How important is establishing your personal brand? Does this also apply for those who are in a corporate setting?
Your personal brand is everything.
Let's say you work in a company with 5,000 employees. You start out at the very bottom in maybe a junior position, or even in a department like customer service.
Your goal isn't to stay at the bottom, correct?
It's to move up to maybe a manager position. If you're ambitious, director. If you're dedicated, maybe even a C-Suite position.
To move up, most people think you need to put your head down, work hard, then you will reap the benefits.
I tried that. I spent four whole years working hard, outperforming everyone in my department, thinking that my numbers alone would get me to move up.
Guess where it got me in that company?
So if that doesn't work, then what does?
Defining your personal brand.
Your personal brand needs to not only align with your company culture, but it needs to align with the position you want to have.
If you can't make your personal brand align with your company's culture, you still need to define your personal brand so you can go out and apply for positions at other companies, where you will be a culture fit.
If you can make your personal brand align with your company's culture, then you need to figure out exactly what the ideal person who fulfills the role you want looks like.
How do they act? What do they do? What do they wear? How do they speak? What do they say? What do they know how to do? Who are they connected with?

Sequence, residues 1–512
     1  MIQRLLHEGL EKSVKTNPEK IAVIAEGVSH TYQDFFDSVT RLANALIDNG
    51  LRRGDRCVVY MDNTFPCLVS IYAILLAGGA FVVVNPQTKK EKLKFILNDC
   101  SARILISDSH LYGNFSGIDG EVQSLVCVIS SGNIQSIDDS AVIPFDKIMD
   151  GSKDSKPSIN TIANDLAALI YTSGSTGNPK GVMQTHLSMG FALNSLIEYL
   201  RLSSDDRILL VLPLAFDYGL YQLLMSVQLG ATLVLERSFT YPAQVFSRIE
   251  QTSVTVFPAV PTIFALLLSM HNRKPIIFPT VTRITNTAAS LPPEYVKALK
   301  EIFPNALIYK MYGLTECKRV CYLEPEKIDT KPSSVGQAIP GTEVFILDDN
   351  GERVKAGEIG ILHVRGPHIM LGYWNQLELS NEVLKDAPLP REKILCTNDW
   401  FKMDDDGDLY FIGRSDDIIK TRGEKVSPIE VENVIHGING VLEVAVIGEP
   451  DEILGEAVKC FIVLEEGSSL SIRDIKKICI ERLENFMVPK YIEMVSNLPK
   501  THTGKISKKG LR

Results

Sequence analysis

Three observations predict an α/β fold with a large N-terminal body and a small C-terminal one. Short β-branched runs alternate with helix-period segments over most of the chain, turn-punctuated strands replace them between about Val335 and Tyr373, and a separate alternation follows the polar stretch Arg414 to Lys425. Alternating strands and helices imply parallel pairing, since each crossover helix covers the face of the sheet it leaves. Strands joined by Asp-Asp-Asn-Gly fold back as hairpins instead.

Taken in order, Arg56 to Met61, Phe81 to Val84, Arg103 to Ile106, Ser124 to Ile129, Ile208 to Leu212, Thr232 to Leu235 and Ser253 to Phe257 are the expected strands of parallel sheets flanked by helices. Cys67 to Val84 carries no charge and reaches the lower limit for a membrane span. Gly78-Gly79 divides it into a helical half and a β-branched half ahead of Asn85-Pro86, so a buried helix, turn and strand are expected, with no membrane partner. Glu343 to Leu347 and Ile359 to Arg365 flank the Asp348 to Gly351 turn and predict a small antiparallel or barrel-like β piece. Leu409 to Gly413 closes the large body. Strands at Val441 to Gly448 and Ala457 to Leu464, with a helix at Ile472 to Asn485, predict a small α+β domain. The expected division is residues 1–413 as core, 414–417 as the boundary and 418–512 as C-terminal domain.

The answer the each of these questions are just layers within the personal brand that you need to define.
Once you have that down, you have part of the puzzle completed. But there's still more you need to work on.
If you're a minority, you need to lean on your strengths. But you also need to overcome the weaknesses that come with that. For example, I'm asian. Asians are seen as passive. If I don't overcome the weakness that comes with the stereotype within my race, then I don't have a chance to get ahead. But I also need to hone in and highlight my skills that do come with my stereotypes.
If you're a woman, it's even harder. Leaders are supposed to be caring, thoughtful and honest. Women are already expected to be that way. So when a woman tries fulfilling this role, then they are overlooked. So they need to do something different to separate themselves from the rest. This means being bold, strong and powerful.
Every now and then, I have a conversation with a colleague of mine, May Busch. She rose up from being a Junior Analyst to becoming COO of Morgan Stanley Europe. She did this by investing in her personal brand: http://www.inc.com/leonard-kim/how-this-quiet-girl-rose-to-become-coo-of-morgan-stanley.html
In a corporate setting, you too can move up to the top, but you need to know how to maximize your brand's presence, then put it into action.